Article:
To be admitted to the honors program a student must have a 3.4 cumulative GPA through her junior year, demonstrate the ability to do independent work, and have her thesis proposal approved by the program by the requisite deadline.The achievement of the minimum GPA is no guarantee that a student's honors proposal will be accepted.
A student should arrange to have one faculty member from the program serve as her thesis adviser. The thesis adviser is to supervise the planning, research, writing, and evaluation of the thesis. Because the adviser and candidate will work closely together throughout the duration of the program, a student must make sure that her adviser will not be on leave or on sabbatical during the relevant semesters. In addition, students may suggest the names of other faculty whom they desire to act as readers for the thesis, although the program must approve the second reader.
Students are encouraged to submit proposals during the spring semester of her junior year. The college's deadline for application for honors is the third week of September (or the first week of February in the case of students completing their college studies in January). In order for the program to complete its review process, however, applications and proposals must be submitted to the director of honors no later than two weeks before the college's deadline for applying to honors. Students who have not received approval for their projects by the end of the spring semester of their junior year must register for a four–course load for the following semester; if they are admitted to honors they can then drop one or two regular courses during the year and substitute honors.
In addition to completing the college's application form, each student will submit a proposal for honors. The proposal should be approximately three double–spaced typed pages that explain the specifics of the project by outlining the following:
- What issues will be explored?
- Which historical eras, texts, or thinkers will the project focus upon?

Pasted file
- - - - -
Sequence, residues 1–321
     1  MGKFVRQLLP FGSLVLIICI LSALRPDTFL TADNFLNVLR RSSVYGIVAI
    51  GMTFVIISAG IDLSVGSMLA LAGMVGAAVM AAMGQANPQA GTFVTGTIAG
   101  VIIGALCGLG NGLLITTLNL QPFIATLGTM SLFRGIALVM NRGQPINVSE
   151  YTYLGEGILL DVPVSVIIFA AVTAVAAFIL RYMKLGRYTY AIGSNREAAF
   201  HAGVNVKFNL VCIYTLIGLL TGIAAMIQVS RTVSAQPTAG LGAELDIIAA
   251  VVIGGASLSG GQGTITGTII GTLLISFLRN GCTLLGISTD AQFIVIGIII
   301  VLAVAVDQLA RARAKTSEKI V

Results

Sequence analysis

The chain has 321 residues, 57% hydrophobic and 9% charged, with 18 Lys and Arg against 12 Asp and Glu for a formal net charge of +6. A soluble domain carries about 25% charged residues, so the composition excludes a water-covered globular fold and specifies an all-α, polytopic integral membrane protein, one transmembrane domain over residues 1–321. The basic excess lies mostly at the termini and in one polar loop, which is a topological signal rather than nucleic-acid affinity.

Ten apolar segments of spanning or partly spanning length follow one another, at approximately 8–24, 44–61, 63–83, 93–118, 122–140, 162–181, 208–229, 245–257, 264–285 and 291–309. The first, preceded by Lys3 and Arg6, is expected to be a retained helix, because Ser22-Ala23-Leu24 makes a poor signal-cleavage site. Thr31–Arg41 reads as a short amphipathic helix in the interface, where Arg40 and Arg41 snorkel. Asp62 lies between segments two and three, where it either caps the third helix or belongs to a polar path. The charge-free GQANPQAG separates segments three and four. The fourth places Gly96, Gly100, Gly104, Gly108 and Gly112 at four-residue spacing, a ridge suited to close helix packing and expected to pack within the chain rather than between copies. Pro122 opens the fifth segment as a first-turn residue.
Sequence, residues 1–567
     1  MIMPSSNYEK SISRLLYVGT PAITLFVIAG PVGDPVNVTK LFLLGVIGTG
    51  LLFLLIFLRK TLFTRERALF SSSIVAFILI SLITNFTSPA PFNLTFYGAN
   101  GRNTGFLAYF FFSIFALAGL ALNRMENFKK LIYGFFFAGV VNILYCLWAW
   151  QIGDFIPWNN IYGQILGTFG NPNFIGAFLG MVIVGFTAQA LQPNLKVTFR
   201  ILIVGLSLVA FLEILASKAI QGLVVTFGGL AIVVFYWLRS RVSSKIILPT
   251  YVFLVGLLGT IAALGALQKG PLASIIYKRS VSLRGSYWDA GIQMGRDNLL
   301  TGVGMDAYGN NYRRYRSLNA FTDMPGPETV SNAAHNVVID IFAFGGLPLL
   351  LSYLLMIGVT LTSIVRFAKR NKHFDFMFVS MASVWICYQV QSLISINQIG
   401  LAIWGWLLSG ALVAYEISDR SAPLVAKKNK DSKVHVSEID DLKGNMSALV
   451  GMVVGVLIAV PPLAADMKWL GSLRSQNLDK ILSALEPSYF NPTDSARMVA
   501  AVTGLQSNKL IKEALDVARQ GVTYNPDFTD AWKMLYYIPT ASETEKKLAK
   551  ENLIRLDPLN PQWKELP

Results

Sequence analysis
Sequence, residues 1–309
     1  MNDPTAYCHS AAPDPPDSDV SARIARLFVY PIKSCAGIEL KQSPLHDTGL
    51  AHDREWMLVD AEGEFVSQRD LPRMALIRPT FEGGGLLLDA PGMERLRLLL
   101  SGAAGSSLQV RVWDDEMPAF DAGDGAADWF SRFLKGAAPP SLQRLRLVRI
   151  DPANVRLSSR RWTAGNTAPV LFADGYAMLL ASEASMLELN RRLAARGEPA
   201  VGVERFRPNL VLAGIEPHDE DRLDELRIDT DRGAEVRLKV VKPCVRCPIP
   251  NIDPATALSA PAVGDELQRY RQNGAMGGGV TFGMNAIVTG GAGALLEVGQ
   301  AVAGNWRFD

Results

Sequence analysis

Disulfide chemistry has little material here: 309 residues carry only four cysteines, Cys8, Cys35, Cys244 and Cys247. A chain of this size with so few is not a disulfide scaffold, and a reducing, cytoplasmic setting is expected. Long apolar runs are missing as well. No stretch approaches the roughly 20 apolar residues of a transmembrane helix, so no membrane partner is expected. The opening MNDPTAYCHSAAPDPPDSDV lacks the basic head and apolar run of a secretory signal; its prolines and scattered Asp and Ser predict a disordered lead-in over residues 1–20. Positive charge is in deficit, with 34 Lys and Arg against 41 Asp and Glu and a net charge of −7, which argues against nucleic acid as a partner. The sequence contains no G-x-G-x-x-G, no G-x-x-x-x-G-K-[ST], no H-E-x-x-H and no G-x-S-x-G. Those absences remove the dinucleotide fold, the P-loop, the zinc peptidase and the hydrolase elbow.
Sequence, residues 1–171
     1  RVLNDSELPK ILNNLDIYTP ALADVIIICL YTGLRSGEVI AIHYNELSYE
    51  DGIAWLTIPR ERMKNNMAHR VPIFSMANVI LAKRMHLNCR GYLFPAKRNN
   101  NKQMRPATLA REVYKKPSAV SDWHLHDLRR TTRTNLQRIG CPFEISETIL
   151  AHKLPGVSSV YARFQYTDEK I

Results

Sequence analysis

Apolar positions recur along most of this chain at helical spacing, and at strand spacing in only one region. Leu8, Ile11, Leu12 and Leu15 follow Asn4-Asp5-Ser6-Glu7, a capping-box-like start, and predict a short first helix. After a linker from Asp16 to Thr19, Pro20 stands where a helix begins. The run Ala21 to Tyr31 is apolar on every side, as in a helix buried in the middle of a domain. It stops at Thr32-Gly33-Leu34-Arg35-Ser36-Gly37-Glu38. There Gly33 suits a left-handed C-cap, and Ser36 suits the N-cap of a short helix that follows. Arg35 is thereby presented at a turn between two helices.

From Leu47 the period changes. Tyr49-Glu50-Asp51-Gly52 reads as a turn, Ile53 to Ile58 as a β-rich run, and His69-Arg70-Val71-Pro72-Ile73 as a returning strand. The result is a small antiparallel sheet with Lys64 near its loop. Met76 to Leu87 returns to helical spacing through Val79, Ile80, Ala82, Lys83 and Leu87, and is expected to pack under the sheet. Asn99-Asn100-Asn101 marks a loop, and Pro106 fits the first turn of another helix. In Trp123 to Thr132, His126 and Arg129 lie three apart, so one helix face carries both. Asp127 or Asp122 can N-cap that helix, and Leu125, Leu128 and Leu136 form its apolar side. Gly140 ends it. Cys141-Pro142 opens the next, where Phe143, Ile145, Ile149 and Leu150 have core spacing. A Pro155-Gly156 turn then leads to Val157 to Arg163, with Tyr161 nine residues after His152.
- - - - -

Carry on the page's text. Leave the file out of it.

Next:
- What types of methods will be used?
An initial annotated bibliography including relevant primary and secondary sources should be appended to the proposal. The program may ask a student to rewrite her proposal and to submit it again, but this cannot be done after the college's official deadline. All proposals should be developed under the supervision of a student's potential thesis adviser. Proposals submitted at the last minute and without close consultation with a faculty member often fail to meet the research and scholarly specifications required to secure program approval.
The honors thesis is expected to be a mature and polished piece of undergraduate research. Though there is no minimum or maximum page limit for the thesis, normally they amount to at least fifty pages (double–spaced) and rarely exceed eighty pages.
Jewish Studies follows the college deadlines for due dates. The final version of the thesis is due to the thesis adviser according to the final deadline set by the college. The date of the oral examination is set through negotiation between the honors candidate, the adviser, and the program, and must take place on or before the final day of classes for the semester.
Honors work in Jewish Studies will be evaluated in the following fashion:
- 60% for the written thesis
- 10% for the oral defense
- 30% for GPA in the Jewish Studies major
A student who is pursuing a major in Jewish Studies and another department or program may want to develop an honors thesis project that integrates work from both majors. Please consult the director of honors for more information.